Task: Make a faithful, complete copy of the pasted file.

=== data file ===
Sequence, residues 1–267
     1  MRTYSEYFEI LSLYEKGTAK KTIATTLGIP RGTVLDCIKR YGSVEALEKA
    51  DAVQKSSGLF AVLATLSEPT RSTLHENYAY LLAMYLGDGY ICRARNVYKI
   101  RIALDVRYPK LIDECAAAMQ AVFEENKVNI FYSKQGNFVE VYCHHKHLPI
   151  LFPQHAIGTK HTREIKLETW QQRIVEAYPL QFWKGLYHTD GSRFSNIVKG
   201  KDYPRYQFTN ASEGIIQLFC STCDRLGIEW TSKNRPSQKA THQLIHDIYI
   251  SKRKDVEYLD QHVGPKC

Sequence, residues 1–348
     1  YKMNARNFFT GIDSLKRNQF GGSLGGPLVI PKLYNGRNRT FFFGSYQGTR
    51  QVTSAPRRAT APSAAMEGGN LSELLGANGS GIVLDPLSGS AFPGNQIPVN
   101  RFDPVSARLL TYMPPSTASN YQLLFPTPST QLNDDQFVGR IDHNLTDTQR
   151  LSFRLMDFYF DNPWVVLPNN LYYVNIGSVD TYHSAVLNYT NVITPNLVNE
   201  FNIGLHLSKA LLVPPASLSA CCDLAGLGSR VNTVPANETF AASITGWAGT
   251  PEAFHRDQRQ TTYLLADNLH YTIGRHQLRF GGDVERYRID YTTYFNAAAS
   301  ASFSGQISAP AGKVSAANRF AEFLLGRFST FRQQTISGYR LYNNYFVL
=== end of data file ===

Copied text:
Sequence, residues 1–267
     1  MRTYSEYFEI LSLYEKGTAK KTIATTLGIP RGTVLDCIKR YGSVEALEKA
    51  DAVQKSSGLF AVLATLSEPT RSTLHENYAY LLAMYLGDGY ICRARNVYKI
   101  RIALDVRYPK LIDECAAAMQ AVFEENKVNI FYSKQGNFVE VYCHHKHLPI
   151  LFPQHAIGTK HTREIKLETW QQRIVEAYPL QFWKGLYHTD GSRFSNIVKG
   201  KDYPRYQFTN ASEGIIQLFC STCDRLGIEW TSKNRPSQKA THQLIHDIYI
   251  SKRKDVEYLD QHVGPKC

Sequence, residues 1–348
     1  YKMNARNFFT GIDSLKRNQF GGSLGGPLVI PKLYNGRNRT FFFGSYQGTR
    51  QVTSAPRRAT APSAAMEGGN LSELLGANGS GIVLDPLSGS AFPGNQIPVN
   101  RFDPVSARLL TYMPPSTASN YQLLFPTPST QLNDDQFVGR IDHNLTDTQR
   151  LSFRLMDFYF DNPWVVLPNN LYYVNIGSVD TYHSAVLNYT NVITPNLVNE
   201  FNIGLHLSKA LLVPPASLSA CCDLAGLGSR VNTVPANETF AASITGWAGT
   251  PEAFHRDQRQ TTYLLADNLH YTIGRHQLRF GGDVERYRID YTTYFNAAAS
   301  ASFSGQISAP AGKVSAANRF AEFLLGRFST FRQQTISGYR LYNNYFVL